trevor nerbas - website title image

August 7-8th, 2009

I've wondered what the views of Lake Louise would be under a starry sky; I started my trip to the Rockies with a hike to the end of Lake Louise's "Plain of Six Glaciers" trail to photograph the night. I began hiking in at the time everyone was coming off the mountain -- interesting shots are often that for reason of challenge or chance; I wanted something different.

fairview mountain lake louise
I took a few shots of the lake near the main viewing area before hiking in; in the above shot I'm using an "ND400" filter, the filter appears completely black, much like a welder's lens; it allows 1/64th the light through (-9 exposure stops), this way I can expose the shot for 3+ seconds (100iso @ f/8), removing all crispness in the waves and creating a silky glass-like effect. This shot was done in a similar fashion; it shows just how green the foliage was; I had been watching the weather and went on the first sunny day after a week of rain.

At the end of the Plain of Six Glaciers trail you see Victoria glacier; in the 360 you can clearly see how the glacier melts into Lake Louise; the lake's unique colour comes from the glacial flour, particals of rock in the glacial melt. The water is VERY cold, some people brave a (brief) polar bear swim here in the summer -- it's always fun to see how long they last ;).

I was able to see at least five shooting stars in the eastern sky, shooting above the Fairmont Chateau -- this was the beginning of the annual Perseid meteor shower (see the timelapse video I shot of the 2008 Perseid meteors here). The stars would streak across the sky, larger meteors leaving a lasting emerald glow; laying back on the rocks the stars vividly took up my entire field of vision, even with the full moon the stars were incredibly bright pinholes through the sky. People in the chateau had paid anywhere from $400 to $2,000 that night, while I had the best view. . . though not the warmest ;).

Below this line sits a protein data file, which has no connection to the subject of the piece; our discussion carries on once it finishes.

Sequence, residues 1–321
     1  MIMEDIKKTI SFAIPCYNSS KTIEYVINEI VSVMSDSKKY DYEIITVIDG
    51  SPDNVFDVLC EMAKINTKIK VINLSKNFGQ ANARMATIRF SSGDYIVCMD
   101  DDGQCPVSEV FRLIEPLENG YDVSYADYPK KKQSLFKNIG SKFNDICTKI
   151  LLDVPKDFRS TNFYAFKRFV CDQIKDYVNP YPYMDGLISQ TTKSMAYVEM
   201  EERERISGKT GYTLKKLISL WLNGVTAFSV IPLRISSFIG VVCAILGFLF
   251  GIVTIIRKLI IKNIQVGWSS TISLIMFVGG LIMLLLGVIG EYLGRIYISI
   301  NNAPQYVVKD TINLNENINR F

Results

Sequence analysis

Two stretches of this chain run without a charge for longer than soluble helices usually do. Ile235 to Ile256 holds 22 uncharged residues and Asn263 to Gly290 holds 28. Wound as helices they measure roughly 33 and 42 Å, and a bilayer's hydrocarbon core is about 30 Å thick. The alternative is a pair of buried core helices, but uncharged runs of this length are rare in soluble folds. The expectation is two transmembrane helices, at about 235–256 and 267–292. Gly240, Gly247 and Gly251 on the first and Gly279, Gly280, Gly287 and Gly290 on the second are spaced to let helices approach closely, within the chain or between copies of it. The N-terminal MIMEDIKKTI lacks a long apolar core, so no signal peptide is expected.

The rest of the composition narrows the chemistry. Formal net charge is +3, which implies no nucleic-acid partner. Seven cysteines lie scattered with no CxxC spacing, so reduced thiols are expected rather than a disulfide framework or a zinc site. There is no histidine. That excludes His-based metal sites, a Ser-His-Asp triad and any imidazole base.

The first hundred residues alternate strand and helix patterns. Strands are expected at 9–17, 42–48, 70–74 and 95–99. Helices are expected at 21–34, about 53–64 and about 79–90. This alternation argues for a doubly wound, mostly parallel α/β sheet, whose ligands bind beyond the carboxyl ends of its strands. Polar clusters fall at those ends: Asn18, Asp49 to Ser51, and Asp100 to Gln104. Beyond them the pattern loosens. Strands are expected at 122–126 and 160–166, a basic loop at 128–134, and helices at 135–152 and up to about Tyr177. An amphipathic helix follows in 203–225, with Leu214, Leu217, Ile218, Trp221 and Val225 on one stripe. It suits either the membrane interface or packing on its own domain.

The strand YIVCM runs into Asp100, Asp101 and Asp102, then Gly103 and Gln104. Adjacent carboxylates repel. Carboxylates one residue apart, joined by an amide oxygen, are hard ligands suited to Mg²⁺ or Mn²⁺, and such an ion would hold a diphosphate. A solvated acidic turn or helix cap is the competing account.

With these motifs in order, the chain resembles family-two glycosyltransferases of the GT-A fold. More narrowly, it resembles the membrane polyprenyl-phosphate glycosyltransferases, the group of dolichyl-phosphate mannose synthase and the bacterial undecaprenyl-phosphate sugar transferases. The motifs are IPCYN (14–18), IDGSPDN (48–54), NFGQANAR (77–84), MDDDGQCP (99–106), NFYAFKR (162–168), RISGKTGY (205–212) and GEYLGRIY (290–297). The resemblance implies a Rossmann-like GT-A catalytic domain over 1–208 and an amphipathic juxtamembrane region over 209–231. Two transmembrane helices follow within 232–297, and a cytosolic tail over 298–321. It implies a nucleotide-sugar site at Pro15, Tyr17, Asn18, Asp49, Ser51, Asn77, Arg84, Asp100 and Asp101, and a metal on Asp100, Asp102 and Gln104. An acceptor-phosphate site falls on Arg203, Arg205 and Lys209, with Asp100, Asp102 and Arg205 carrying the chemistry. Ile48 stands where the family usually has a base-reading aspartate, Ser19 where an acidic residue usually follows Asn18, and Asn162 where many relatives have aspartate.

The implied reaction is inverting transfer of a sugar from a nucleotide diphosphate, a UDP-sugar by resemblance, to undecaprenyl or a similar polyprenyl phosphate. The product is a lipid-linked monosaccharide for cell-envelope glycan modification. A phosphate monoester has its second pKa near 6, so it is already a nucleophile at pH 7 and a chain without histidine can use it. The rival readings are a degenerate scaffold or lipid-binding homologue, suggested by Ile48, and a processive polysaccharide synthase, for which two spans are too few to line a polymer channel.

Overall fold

Staying warm was difficult. This was my first "non-camping" overnight trip and I underestimated how cold it would get. I packed my warm gear in a stuff-sack, all together I wore: one wool t-shirt, one long-sleeve shirt, one fleece jacket, toque (pulled down so far that I could barely see), scarf (wrapped around my neck and around my face up to my nose), gloves, hiking pants/boots and even with physical activity (doing burpees every 30mins to keep my heart rate up) I was very cold. The wind was blowing towards Lake Louise; I hunkered behind some large rocks for shelter, there was nothing comfortable about it, but was shelter from the wind. The weather forecast said a low of one-degree Celsius overnight -- it was at least that, then factor in wind chill. I was surprised the water in my pack wasn't freezing, it stung my teeth with every sip; hiking in the water was warm and unpleasant to drink; this area is very harsh with a drastically changing climate, I find it amazing animals live here; the night gave me a respect for the climate they endure day after day.. and this is the hot season!

I suppose the rocks I was hunkered under belonged to a marmot, this guy would sneak up to me, make an "eeeeep!" sound as though to say "Hey! These are MY rocks!", if I moved to another rock he would stay between those until I returned. While the greeting was rather funny, his personality reminding me of a character out of an Ice Age movie, I didn't like the thought of any predatory animal hearing this and perhaps wanting to investigate; food and vegetation is scarce here so I felt safe from large animals, I don't see how they could survive here, however if there was one here, I imagine they would want to track that marmot down. Of course I checked with the parks office for wildlife concerns in the area before staying the night. Around 3am I noticed something walking on the trail, it was small, the size of a large housecat, being so dark it was only a blur moving, I was worried it was a cub of some kind, I scared it off and it turned around, flaring it's fur; it was a porcupine! It would later come back a few times, walking rather obliviously and always be completely surprised/shocked when I made a sound, at exactly the same place; it would again scurry away and roll into a ball. It was coming close and I wanted it to be aware of my presence.